Who are the highest paid CIOs?
The highly paid CIO ranks are diverse and very stable
The CIOs who are paid the most are a group of individuals who are not pure technocrats. Rather they are individuals who understand how technology can be applied to the operational environment of the enterprise (see CIO Roles and Responsibilities).
We have found 35 CIO whom we considered as "highly paid". The chart below contains data that we have captured from public records. We do have information for a similar group of individuals who have the same role in privately held enterprises. The compensation there is similar, however, since there often is "limited" stock in those enterprises the performance bonuses are tied more closely to a profit participation model.
Some facts that we have established for this group of individuals are:
- One quarter of this group of CIOs are women. That is up from less than 10% in 1999.
- Just under one in five are minorities. This group of CIO is not as racially diverse as the general population but this often is based on education. Over 70% have an advanced degree such as an MBA.
- The median base salary $700K while the average base salary is $510K.
- The median total compensation $3.3 million and average total compensation is $3.6 million.
- All of the CIOs make most of their total compensation from performance bonuses and company stock.
- The average tenure is well over 60 months and these individuals have a grater probability of retiring from these jobs versus being terminated or leaving for greener pastures.
- All of the positions are Vice Presidents and most are Executive Vice Presidents. All have either CIO or CTO in their official titles.
- Over 60% have been in IT most of their careers. and have advanced to this position.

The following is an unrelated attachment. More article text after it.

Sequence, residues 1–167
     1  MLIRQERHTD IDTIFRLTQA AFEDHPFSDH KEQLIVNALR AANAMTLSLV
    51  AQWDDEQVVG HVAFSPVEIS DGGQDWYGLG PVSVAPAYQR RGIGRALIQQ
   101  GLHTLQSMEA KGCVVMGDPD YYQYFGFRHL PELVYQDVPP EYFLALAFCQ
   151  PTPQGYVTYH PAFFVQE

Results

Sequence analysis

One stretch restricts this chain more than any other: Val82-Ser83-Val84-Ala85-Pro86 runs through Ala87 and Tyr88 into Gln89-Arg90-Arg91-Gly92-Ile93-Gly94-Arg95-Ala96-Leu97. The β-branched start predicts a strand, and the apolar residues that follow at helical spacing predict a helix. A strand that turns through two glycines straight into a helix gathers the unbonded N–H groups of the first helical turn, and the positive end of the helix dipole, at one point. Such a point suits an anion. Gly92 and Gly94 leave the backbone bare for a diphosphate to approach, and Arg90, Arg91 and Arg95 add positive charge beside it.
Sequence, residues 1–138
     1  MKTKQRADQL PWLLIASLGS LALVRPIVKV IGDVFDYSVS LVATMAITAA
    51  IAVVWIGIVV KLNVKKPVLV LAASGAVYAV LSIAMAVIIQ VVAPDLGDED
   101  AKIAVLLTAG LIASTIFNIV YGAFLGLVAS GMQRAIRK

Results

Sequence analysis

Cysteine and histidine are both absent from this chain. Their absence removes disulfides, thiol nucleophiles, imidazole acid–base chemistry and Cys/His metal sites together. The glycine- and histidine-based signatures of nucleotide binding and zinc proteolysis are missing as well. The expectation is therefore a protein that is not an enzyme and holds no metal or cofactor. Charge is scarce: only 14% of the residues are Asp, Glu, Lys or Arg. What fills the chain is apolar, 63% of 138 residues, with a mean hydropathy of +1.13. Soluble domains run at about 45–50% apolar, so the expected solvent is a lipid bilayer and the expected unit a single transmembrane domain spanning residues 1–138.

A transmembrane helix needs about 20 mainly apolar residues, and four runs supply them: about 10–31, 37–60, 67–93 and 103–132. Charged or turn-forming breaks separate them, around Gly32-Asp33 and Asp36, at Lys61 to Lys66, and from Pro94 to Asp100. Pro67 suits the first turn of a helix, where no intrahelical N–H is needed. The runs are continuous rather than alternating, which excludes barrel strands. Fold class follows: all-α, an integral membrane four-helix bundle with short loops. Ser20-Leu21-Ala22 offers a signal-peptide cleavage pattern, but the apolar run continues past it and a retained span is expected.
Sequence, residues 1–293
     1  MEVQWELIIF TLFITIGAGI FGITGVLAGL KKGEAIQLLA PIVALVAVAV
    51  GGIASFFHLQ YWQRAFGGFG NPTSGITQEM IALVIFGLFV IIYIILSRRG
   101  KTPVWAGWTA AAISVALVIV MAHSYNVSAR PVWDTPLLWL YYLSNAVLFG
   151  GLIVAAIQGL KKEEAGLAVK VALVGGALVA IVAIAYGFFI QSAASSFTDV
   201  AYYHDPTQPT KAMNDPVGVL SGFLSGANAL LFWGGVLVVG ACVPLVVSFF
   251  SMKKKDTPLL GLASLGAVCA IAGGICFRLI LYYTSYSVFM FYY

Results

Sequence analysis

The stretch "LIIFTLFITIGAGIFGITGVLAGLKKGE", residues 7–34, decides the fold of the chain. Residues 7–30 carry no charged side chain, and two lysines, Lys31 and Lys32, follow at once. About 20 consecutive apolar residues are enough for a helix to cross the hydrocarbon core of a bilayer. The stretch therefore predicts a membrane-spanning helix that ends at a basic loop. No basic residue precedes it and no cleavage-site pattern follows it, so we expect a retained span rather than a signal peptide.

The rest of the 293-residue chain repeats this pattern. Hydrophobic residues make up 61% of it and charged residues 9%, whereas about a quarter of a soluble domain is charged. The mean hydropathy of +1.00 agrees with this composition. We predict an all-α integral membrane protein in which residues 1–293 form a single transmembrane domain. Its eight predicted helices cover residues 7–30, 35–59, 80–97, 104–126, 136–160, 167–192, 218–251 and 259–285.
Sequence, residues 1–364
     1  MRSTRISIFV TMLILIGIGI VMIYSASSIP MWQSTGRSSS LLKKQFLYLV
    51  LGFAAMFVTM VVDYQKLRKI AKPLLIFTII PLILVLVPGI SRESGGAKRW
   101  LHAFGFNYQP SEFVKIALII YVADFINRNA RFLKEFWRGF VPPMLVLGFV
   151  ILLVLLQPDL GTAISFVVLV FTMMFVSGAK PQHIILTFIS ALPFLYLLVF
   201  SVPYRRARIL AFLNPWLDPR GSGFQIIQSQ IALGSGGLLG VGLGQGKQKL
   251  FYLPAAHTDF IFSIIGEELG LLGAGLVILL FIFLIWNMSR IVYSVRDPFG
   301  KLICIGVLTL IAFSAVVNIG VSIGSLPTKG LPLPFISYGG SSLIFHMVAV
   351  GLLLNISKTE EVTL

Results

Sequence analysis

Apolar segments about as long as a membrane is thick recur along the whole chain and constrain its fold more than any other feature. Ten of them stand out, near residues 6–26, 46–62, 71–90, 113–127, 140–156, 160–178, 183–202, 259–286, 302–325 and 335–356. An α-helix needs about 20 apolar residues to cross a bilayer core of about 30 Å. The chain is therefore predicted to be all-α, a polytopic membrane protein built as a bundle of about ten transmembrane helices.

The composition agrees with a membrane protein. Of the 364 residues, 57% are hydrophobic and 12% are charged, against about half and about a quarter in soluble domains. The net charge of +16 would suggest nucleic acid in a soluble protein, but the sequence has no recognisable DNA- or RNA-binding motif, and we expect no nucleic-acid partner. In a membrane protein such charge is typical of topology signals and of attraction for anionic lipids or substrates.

- Over 40% have operational responsibility for areas beyond IT and technology. Technology is integral to the day-to-day operations
- All are integrated into the executive and operational management of the enterprises they are in. Typically IT is not in a “silo” isolated from the rest of the company.
According to M. V. Janulaitis, CEO of Janco Associates, at least two thirds of client companies doing CIO searches are requiring the recruiter to include women and minorities in the candidate pool. Further, he says, when “all else is equal” between a male candidate and a female or minority one, companies are tending to choose the latter specifically to enhance the diversity of perspectives on the management team.
Janulaitis says, “… where companies state their “must-have” requirements for a CIO, such as experience in the industry, technology, staff development skills, capital management, with a company of similar size and scope, many women candidates outshine their male counterparts”
Indeed, it’s clear that too few women are being hired as CIOs to nudge the needle on gender diversity all that much. Six years ago, in mid-2010, the number of women CIOs among the Fortune 500 companies was 10.8%. By the spring of 2016, the proportion had grown to 19.2% - growth to be sure, but hardly trans-formative growth.
“Companies want to minimize risk,” says the CEO. “And when you get into the subconscious or unspoken aspects of their decision making, they may measure risk [avoidance] as [selecting] individuals they are able to align with and understand, that understand their industry — and maybe even that look like them.”
“I truly believe that at both the C-suite and board levels, there’s a belief that diversity of perspective and experience is beneficial,” Janulaitis says. “They want to find something that’s going to augment and improve what they already have.”
But achieving that end can be challenging. Unfortunately, there are too few women in senior, experienced roles to populate the candidate pools of all diversity-minded companies. So it’s not enough to decide at the CFO level to hire a woman. The relevant decisions must be made and opportunities offered earlier, at the developmental stage of potential finance leaders.
For one thing, companies need to provide more mentors who can share wisdom about things like where to invest time and ways to be motivated, according to Proctor.
For those with leadership potential who prioritize family and stability over always making the best career move, the path to the C-suite may be inherently more difficult in CEO and finance than in other functions, like IT and human resources.